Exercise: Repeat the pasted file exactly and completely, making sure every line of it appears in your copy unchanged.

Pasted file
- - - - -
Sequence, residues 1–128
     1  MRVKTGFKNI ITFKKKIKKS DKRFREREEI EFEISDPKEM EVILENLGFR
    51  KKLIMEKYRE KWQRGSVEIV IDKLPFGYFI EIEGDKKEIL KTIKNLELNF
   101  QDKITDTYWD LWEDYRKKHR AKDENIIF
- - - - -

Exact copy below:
Sequence, residues 1–128
     1  MRVKTGFKNI ITFKKKIKKS DKRFREREEI EFEISDPKEM EVILENLGFR
    51  KKLIMEKYRE KWQRGSVEIV IDKLPFGYFI EIEGDKKEIL KTIKNLELNF
   101  QDKITDTYWD LWEDYRKKHR AKDENIIF